Business has an endless amount of costs that are involved in the purchasing process and it is in your best interest to know where they are coming from. Essentially, you’re trying to figure out how much a product will cost to produce, so you can charge more than the overall cost of producing it. However, production costs are spread over a multitude of areas. Normally, you may think of the basic inventory costs including the cost of your raw materials and the equipment needed to produce a finished good. In fact, production costs will also include the salaries of all your workers, the marketing expenses used to advertise the product, and maintenance for the warehouse and equipment. When looking at these inventory costs holistically, you have a combination of direct and indirect costs that are necessary for running a business.
To simplify it, direct costs can be accurately linked to the cost of an object where indirect costs can apply range of products and therefore cannot be attributed to one specific good or service.
Direct costs are immediately connected to the production of a specific product or service provided by a business. If you could draw a line representing a direct cost, you could trace the cost to the actual product with ease. These costs are often correlated to a “cost object”.
Costs objects can be your basic raw materials, production equipment, software you buy, such as an online inventory management tool, or labour. The bulk of direct costs are made up of labour and materials to produce a finished good. The labour costs and material costs are immediately related to the end-product and you can draw a line directing the two together.
Normally, businesses record the cost of finished raw materials as a direct cost. It is common to see this recorded as last in, first out (LIFO) or first in, first out (FIFO). The raw materials and direct costs are generally variable. The variability is easily identified with an increase in production. If more products are made, the variable expenses increase as you have more direct costs to make these items. Conversely, the cost of labour is generally fixed. If you have salaried employees, their salary will stay constant over the course of the year.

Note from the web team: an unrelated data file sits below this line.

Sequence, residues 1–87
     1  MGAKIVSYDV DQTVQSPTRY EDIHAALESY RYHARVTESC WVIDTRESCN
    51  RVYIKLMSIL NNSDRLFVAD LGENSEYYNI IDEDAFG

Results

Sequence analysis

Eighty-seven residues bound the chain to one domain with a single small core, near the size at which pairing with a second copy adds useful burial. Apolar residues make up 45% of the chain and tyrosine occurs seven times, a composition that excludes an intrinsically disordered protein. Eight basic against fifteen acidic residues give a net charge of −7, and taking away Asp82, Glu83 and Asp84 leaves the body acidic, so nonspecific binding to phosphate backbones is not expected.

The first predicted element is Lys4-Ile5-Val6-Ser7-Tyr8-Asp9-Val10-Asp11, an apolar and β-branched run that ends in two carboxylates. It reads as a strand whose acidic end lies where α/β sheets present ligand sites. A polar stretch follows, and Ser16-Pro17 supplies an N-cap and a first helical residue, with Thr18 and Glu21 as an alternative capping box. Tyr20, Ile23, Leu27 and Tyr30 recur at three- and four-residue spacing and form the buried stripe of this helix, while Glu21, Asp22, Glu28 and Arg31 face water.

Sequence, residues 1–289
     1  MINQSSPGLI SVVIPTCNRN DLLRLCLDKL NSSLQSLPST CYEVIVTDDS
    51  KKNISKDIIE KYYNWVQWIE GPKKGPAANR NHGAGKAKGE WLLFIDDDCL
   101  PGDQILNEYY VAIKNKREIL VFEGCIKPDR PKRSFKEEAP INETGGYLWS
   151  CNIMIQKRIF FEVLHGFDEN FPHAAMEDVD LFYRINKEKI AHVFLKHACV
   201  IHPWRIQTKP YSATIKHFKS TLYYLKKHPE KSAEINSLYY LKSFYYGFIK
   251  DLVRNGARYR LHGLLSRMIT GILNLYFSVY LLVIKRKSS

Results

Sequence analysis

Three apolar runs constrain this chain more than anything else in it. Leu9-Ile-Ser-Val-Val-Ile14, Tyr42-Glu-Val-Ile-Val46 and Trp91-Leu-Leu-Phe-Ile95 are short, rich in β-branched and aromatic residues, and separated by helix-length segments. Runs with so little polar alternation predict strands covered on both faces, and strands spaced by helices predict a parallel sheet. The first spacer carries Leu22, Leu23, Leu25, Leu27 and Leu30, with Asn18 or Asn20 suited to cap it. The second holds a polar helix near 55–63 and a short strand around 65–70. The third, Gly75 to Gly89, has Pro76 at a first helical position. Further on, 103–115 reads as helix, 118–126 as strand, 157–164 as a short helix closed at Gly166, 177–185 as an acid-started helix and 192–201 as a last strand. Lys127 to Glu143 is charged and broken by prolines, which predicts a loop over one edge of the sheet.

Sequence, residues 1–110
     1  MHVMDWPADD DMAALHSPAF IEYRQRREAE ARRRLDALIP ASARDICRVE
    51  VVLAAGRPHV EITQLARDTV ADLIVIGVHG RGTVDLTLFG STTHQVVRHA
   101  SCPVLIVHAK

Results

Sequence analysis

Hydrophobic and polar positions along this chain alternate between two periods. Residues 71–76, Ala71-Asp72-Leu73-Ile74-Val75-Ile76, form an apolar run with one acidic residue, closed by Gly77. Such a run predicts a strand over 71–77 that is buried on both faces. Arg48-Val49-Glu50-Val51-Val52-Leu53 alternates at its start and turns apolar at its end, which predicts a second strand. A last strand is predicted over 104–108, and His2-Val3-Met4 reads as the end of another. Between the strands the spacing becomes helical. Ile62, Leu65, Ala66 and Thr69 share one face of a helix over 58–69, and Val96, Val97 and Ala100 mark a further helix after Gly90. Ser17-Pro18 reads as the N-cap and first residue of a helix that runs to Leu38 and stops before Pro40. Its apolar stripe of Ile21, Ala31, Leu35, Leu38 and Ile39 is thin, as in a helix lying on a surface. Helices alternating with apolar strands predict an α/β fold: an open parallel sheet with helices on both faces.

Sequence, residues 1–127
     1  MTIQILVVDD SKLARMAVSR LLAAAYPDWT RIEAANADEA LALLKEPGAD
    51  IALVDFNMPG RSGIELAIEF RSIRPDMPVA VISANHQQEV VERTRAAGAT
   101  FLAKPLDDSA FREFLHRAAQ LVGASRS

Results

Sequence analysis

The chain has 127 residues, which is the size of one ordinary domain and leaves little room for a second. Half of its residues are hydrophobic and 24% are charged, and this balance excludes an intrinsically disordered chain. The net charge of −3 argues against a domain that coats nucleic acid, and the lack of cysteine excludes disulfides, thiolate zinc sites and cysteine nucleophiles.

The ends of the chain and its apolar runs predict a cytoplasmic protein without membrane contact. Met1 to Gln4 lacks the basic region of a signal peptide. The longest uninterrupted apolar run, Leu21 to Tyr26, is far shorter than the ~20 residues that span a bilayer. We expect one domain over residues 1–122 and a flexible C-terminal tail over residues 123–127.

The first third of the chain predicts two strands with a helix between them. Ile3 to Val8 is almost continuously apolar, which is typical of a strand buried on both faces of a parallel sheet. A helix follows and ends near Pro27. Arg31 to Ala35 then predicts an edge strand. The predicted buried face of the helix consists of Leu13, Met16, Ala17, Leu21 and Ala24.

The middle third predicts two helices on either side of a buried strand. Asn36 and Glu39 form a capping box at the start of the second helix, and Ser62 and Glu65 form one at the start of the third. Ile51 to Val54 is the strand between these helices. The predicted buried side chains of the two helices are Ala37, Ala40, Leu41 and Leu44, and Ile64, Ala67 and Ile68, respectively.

On the other hand, indirect costs cannot be accurately connected to one specific product. Indirect costs can be associated with the upkeep of the entire company. The costs are widespread and help maintain the everyday operations. Essentially, all the costs leftover after the direct costs have been accounted for are indirect costs. Commonly, these are referred to as overhead costs. Depending on the size and type of the company, overhead or indirect costs can be very large. Indirect costs are the behind-the-scenes costs that make everything keep ticking on.
It is hard to sell products without developing a marketing strategy. It’s also hard to develop a marketing strategy without a computer. It’s even harder if you don’t have office equipment such as desks and phones for your employees to use to put their laptops on and get in touch with customers. Of course, these desks need to be cleaned as well, so cleaning supplies run into the mix of indirect costs. The list goes on; indirect costs are everywhere you look.
Just from this simple example, you can see how indirect costs pertain to many people and it would be impossible to directly correlate them to one cost. Of course, there are both fixed and variable indirect costs. The office building rent may be fixed for two years, but the electrical bill may vary as the seasons change.
Direct and indirect costs play a huge part in your costs and what you decide to purchase. Having tools to track these costs such as online inventory software, can make tracking both direct and indirect costs much easier.
Article by Melanie Chan in collaboration with our team of Unleashed Software inventory and business specialists. Melanie has been writing about inventory management for the past three years. When not writing about inventory management, you can find her eating her way through Auckland.